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Climate change to unlock English red wine potential, study says

English wineries should act now to capitalise on climate change’s impact on growing conditions in the UK, as one study predicts temperatures will soon be ideal for making still red wines from Pinot Noir.

Ripening Pinot Noir grapes - English wine and climate change

A study published in scientific viticulture journal OENO One has found that significant areas of Southern England could soon experience ideal growing conditions for making red wines from Pinot Noir grapes.

The grape variety is already widely planted in the UK for use in English Sparkling Wines, though ripening the grapes sufficiently for use in still wines has proved a challenge for growers thus far.

According to new modelling from researchers for the Climate Resilience in the UK Wine Sector project, though, this is all about to change.

The model suggests that over the next 20 years there may be as much as a 1.4% increase in average temperatures during wine grape growing season in Southern England. This would mean temperatures of between 15-16C for already-well planted areas including Kent and Sussex; Cambridgeshire; Hampshire; the Severn Valley; Greater London, and Essex.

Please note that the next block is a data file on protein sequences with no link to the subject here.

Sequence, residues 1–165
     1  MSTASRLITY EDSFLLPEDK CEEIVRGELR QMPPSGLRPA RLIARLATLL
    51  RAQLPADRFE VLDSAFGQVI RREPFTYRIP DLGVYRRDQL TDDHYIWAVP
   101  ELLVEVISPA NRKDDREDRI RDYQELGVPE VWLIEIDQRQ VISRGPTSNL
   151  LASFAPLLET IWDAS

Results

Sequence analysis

“New areas of the UK will perhaps be taking over producing sparkling wine while the warmer regions move into still red wines”, said the study’s lead researcher and professor of meteorology at the University of East Anglia, Stephen Dorling.

“Because of the temperature rise, other regions of the UK that haven’t previously had too much of an opportunity [to produce wine] will be able to join in. It is becoming increasingly possible to expect that most years going forward will be suitable to produce a good still red wine in an expanding area of England.”

Dorling also urged winemakers to look beyond merely planting Pinot Noir, pointing out how quickly the climate is now changing.

“Planting a vineyard is a 25 to 30-year investment, so whatever you plant you have got to have confidence it will thrive,” Dorling commented.

The climate is changing quickly and the rate of change is meaning whatever you choose to plant, if you are moving into the suitable range for pinot noir, then by the end of that period you will be at the upper limit.

“It’s not about pinning your hopes on a single variety.

“Blend is not a dirty word, after all champagne is a blend and a Bordeaux red is a blend.”

Earlier this year, we reported the news that the area of East Anglia under vine has quadrupled since 2018. WineGB attributed the 400% increase to research from the University of East Anglia, which identified some 33,700 hectares which would be perfect for vines.


Read More: New study offers unprecedented research and analysis for those looking to purchase a vineyard

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